LDL, or low-density lipid, cholesterol is often referred to as the “bad” cholesterol. However, this doesn’t mean you won’t have any LDL cholesterol in your system at all—but you do want to keep it at a healthy level. HDL, the “good,” high-density lipid cholesterol, is responsible for clearing away LDL cholesterol. It essentially pulls it out of the blood and sends it off to the liver to be broken down and gotten rid of.
Excessive amounts of LDL cholesterol can lead to atherosclerosis; it can create plaque, which makes hard spots in the arteries that clog up blood flow and lead to clots. In turn, this can cause heart attacks and strokes.
It’s important for every adult to get periodic blood tests so you know where you stand, but this is especially important if you have a family history of cholesterol issues, are overweight, or are dealing with other cardiovascular issues. According to the National Institute of Health, less than 100 mg/dL (milligrams per deciliter) is the best level of LDL to have. Up to 129 mg/dL is still pretty good.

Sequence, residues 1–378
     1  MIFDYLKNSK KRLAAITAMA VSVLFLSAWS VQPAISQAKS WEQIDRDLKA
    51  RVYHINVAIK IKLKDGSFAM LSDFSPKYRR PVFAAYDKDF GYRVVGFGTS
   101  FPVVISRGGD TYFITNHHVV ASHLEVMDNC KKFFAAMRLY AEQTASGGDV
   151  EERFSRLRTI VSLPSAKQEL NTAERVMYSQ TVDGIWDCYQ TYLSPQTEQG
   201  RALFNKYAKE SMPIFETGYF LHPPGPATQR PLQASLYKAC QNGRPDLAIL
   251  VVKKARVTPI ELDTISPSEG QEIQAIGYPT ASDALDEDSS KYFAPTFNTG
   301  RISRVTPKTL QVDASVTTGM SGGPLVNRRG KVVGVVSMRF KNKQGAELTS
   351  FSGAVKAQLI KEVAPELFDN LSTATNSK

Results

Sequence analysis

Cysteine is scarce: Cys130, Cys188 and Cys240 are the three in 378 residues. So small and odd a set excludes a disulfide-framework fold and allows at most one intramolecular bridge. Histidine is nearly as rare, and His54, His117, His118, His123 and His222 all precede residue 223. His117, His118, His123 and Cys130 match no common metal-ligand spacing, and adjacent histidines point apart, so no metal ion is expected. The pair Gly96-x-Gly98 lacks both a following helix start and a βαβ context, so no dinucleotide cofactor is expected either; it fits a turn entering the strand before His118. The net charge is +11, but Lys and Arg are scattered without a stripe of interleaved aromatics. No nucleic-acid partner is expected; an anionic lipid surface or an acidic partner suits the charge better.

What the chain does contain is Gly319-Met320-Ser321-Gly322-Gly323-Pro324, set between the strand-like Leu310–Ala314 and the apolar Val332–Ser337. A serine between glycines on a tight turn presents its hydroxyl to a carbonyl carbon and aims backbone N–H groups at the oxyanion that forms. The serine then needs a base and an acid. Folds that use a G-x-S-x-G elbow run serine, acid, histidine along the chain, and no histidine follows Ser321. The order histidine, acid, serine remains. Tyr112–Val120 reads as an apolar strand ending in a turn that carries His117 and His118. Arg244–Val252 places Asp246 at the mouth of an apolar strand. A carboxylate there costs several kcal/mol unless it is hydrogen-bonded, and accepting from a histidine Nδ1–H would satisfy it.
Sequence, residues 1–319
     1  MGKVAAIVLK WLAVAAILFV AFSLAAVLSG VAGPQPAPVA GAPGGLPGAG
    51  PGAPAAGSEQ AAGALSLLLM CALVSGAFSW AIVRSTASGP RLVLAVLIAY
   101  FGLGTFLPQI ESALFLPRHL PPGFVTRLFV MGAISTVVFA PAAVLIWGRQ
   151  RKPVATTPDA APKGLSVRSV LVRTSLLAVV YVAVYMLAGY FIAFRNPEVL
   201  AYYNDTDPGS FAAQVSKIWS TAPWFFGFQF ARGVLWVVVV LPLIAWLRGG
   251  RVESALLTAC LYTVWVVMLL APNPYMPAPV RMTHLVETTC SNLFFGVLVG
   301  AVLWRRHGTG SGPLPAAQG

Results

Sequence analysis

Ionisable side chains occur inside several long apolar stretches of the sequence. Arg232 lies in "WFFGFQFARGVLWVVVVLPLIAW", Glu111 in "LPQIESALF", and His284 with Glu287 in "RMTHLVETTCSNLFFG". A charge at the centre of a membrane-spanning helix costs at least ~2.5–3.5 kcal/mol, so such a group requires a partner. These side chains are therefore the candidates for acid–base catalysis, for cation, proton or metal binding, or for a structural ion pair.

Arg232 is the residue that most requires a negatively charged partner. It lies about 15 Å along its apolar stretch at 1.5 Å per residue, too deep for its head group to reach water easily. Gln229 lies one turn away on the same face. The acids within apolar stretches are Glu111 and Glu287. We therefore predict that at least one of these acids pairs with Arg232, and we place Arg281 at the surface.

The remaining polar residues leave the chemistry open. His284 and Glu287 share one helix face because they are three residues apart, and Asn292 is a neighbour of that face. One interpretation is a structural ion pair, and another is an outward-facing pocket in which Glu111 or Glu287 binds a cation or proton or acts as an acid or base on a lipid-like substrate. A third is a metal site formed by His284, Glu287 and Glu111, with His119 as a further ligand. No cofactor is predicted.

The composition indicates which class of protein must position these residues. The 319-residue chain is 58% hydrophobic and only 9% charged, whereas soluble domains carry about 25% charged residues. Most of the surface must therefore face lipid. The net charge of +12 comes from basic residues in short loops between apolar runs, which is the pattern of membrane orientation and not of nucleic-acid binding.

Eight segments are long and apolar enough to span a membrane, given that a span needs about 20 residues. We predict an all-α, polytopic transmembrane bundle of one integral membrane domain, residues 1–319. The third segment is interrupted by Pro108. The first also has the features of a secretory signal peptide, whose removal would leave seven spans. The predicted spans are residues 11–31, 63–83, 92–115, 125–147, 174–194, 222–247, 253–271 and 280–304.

Once levels reach above 130 mg/dL, it’s considered unhealthy. 160 mg/dL is high, and once LDL reaches 190 mg/dL levels are very high. While exercise helps keep appropriate levels of HDL, diet is largely responsible for the amount of LDL in the blood. However, diet, exercise, and maintaining a healthy weight can all alter LDL levels.
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